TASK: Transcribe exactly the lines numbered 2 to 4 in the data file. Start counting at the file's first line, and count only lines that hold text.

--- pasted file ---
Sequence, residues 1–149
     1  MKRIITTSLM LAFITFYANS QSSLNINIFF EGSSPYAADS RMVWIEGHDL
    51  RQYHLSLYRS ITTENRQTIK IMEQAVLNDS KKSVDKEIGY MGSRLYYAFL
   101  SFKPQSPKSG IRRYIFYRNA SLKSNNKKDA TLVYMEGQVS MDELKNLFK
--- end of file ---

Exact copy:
     1  MKRIITTSLM LAFITFYANS QSSLNINIFF EGSSPYAADS RMVWIEGHDL
    51  RQYHLSLYRS ITTENRQTIK IMEQAVLNDS KKSVDKEIGY MGSRLYYAFL
   101  SFKPQSPKSG IRRYIFYRNA SLKSNNKKDA TLVYMEGQVS MDELKNLFK